The movie begins some absolutely amazing sequences that use some amazing visual techniques to present not only the story of Nim losing her mother to the sea, but also introducing us to Alex Rover as Nim envisions him; a rogue adventurer with a carefree view of the world. For me, these shots are the best parts of the film, and in my opinion they should have been used more to tell the story. After we get this amazing view of Nim’s world (think Michel Gondrey-esque) the story devolves into a more realistic, straight up story of Nim and her real life world. Occassionally we get glimpses of that fantastical view of Nim’s life, but it should have been used much more later in the film than it was.
After the beginning sequences are over, we see Nim and her father existing on their private island amidst the lush landscape and amongst various animals that are the closest things to Nim’s friends and classmates. We really get the idea that Nim and her father are perfectly happy spending their time on this island that they call home.
When Nim’s father is eventually separated from her and the island after a storm, Nim reaches out to Alex Rover via the internet for help. Nim’s imagination runs wild as tourists from a cruise ship invade her island, and she sets out to scare them away, while at the same time trying to find her father who is lost at sea. Alex finally decides (with the help of her imaginary character Alex, again played by Gerard Butler) to force herself to leave her apartment and trek across the world to save Nim. the story then involves Nim facing the fact that her hero is not what she thought she was, and dealing with her own fears, as she tries to hold on to her private island and find her father.
Abigil Breslin is very entertaining as Nim, and to me she is really starting to grow as an actress. While she does play essentially the same type of role in most of her films, it was nice to see her so enthusiastic in this role, and she was the main focus of the movie. I think she has a bright future ahead of her, and I hope she is given roles that continue to allow her to explore different emotions.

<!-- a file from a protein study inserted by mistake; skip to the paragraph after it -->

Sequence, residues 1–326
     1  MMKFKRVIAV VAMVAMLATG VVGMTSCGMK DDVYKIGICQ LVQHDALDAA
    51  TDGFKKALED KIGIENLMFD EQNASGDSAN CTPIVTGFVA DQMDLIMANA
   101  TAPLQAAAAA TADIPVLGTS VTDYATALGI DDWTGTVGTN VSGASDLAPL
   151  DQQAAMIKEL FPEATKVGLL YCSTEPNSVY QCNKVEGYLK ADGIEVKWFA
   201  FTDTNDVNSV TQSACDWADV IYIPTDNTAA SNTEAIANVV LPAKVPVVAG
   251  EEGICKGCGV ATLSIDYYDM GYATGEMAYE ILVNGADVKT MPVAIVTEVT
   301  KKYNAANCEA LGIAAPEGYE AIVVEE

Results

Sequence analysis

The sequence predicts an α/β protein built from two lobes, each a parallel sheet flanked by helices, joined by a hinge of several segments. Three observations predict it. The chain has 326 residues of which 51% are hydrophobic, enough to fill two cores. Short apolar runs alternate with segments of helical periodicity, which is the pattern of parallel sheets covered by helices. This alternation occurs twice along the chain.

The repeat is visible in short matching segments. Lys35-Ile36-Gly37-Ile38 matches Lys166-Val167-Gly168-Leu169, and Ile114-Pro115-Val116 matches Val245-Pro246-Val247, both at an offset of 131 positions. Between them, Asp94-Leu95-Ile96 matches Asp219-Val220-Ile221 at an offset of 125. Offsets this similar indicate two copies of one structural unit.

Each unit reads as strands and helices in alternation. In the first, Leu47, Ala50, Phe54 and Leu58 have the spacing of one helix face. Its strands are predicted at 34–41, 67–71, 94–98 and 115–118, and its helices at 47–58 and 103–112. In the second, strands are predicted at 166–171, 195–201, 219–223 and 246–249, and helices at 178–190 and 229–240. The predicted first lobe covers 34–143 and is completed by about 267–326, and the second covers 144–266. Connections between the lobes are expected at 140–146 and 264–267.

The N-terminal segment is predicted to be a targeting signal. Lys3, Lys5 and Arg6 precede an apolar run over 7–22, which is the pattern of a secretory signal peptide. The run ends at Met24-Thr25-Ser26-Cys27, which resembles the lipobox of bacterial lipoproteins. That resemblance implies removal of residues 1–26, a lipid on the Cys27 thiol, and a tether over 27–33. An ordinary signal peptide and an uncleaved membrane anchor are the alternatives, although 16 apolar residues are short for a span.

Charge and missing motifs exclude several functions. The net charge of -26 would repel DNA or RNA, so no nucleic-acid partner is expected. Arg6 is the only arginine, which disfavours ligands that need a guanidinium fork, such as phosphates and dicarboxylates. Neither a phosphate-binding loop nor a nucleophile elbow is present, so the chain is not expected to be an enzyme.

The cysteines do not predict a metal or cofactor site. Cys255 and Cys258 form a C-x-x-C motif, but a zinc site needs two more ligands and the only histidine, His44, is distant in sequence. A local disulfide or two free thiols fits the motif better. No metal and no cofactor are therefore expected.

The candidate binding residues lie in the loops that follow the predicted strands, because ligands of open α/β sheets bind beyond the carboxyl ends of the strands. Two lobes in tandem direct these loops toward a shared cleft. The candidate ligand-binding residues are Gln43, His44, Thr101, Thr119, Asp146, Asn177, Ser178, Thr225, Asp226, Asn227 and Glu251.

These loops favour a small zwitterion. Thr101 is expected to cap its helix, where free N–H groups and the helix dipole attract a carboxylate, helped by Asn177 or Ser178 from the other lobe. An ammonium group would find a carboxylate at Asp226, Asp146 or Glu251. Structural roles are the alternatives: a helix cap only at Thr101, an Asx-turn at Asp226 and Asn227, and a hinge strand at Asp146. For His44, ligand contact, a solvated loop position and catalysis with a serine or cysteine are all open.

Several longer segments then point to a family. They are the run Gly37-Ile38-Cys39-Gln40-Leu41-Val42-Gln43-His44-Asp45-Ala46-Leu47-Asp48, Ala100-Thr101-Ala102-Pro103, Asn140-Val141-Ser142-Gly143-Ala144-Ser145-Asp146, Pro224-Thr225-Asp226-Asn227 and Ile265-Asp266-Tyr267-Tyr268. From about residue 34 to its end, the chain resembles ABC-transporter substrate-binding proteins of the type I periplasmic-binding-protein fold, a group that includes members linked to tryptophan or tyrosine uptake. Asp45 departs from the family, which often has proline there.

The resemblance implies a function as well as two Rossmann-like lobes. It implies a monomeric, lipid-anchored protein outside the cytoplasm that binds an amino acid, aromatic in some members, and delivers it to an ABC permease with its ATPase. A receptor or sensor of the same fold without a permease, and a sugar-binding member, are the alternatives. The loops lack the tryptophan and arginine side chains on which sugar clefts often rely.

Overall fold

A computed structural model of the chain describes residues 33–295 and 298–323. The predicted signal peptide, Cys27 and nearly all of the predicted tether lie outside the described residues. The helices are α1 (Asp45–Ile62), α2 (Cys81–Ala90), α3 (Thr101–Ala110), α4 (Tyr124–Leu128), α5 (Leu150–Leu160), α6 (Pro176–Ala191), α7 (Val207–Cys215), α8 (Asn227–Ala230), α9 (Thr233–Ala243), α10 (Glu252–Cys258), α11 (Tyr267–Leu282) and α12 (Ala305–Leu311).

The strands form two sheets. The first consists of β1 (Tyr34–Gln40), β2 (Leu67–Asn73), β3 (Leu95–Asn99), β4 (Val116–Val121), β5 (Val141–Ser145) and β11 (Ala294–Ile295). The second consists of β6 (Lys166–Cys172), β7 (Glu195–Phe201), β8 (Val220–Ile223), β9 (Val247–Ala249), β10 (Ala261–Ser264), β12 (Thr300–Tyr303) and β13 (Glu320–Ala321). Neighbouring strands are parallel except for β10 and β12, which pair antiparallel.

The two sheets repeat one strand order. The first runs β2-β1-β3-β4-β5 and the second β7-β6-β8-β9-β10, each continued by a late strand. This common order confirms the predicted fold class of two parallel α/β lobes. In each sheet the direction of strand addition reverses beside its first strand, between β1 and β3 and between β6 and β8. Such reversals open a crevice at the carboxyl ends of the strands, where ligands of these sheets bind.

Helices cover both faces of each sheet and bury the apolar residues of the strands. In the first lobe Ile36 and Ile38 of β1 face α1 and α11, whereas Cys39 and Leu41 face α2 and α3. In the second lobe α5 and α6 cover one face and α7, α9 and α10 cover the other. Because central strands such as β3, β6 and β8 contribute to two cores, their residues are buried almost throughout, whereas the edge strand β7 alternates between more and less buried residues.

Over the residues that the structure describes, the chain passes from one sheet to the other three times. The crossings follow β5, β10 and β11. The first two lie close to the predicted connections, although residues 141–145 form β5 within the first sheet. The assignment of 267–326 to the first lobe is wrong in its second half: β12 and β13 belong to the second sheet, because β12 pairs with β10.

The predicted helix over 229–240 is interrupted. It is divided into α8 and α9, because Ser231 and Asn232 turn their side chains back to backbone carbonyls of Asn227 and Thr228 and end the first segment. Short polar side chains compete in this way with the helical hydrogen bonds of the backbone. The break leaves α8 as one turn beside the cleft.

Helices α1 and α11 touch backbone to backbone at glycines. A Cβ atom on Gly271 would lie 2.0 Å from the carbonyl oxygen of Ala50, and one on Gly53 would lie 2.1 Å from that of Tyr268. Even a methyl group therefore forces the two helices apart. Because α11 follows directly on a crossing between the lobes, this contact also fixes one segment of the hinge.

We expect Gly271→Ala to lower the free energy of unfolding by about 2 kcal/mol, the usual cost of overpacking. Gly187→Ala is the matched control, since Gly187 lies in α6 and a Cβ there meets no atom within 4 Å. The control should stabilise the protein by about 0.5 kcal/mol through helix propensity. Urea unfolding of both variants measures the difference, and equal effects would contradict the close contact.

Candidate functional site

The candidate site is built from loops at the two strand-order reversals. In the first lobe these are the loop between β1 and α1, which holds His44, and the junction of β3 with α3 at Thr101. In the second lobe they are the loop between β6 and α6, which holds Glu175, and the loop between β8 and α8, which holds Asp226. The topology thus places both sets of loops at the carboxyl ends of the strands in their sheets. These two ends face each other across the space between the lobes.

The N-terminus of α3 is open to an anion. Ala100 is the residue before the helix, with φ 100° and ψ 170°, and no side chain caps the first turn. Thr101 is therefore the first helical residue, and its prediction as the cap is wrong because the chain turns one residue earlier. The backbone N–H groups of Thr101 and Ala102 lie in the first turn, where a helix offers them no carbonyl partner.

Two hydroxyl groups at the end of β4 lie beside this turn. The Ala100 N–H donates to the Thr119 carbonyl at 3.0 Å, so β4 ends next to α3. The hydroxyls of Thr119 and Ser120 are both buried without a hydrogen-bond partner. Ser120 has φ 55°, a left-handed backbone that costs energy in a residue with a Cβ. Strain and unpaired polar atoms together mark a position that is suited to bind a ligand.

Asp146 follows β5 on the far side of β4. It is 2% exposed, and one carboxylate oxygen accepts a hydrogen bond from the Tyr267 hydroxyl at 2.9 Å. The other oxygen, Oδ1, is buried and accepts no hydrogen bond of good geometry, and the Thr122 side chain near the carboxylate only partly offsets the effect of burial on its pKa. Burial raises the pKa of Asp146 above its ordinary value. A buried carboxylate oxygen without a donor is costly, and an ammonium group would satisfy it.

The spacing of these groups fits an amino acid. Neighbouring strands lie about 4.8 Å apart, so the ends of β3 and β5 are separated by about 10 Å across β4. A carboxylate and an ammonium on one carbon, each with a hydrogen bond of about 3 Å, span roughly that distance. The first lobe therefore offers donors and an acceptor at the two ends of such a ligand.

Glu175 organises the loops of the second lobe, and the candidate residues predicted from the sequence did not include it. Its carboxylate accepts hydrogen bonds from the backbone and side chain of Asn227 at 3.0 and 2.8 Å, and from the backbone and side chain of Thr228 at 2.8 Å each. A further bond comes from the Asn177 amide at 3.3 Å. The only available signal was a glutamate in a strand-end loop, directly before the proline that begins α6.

Gerard Butler is very good as Nim’s father, but even better as the adventurer Alex Rover. I thought his characters were believable and sincere. Jodie Foster however was just not the right fit for Alexandra Rover in my opinion, and I almost hate myself for saying that. Foster is an absolutely amazing actor, and she seems to be able to take on any role and fiercely evolve into the character that she is portraying. Having said that, this character was almost a bit too “silly” (for want of a better word) for Foster’s usually aggressive acting. She was just not really believable as the agoraphobic author, and by the end of the film she is jumping into the ocean and stealing rescue boats to save this girl she has never met. I just had a hard time with her in the role, as I didn’t really buy into it. Once she gets onto the island, she transforms into the amazing caring character that is not only believable, but heartwarming. It just seemed to be an odd match for Foster, and perhaps it was just the character that I didn’t believe, not so much Foster playing the character.
Video & Audio: 5/10
The video for Nim’s Island was a mixed bag for me actually. There were parts that looked amazing, and then parts of the movie that seemed a bit washed out and slightly grainy, which should not be the case in a movie relying on visuals as part of the story. Overall the beautiful scenery and amazing water shots rule the day, but I was not overwhelmed by the video.
The audio was well done, and the dialogue was rich and crisp. (In the modern day there are not too many problems with these DVDs, so I feel that I don’t usually have much to gripe about with regards to sound – which is fine with me.
If you have kids, this movie is fun to watch, and a nice story. I would recommend renting it for sure, but I am not sure that it is worth buying unless you have kids. The story had a lot of potential, and it meets about ¾ of that potential. I imagine most kids will love the story, but as an adult I was disappointed that after the amazingly sublime opening of the movie, the movie sits back and abandons that feeling of wonder. I for one would have liked the movie to keep up that idea more than it did, but I still enjoyed Nim’s Island, and will watch it again with my family.